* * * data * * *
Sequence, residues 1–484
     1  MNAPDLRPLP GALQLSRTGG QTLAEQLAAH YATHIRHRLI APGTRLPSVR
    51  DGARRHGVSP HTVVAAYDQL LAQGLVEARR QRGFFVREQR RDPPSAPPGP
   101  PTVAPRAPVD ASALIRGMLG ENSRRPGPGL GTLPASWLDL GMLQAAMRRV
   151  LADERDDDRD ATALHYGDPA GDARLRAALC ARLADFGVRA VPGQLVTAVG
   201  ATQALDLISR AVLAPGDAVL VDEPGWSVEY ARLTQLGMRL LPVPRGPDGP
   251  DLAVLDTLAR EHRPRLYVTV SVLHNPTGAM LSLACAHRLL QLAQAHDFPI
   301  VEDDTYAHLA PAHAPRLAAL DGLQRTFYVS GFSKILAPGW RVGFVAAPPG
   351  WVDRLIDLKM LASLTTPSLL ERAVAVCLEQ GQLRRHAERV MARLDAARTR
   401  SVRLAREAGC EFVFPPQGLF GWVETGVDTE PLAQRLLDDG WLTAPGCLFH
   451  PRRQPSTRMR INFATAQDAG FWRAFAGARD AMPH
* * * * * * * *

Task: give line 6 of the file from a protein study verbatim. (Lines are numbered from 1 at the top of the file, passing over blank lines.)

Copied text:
   201  ATQALDLISR AVLAPGDAVL VDEPGWSVEY ARLTQLGMRL LPVPRGPDGP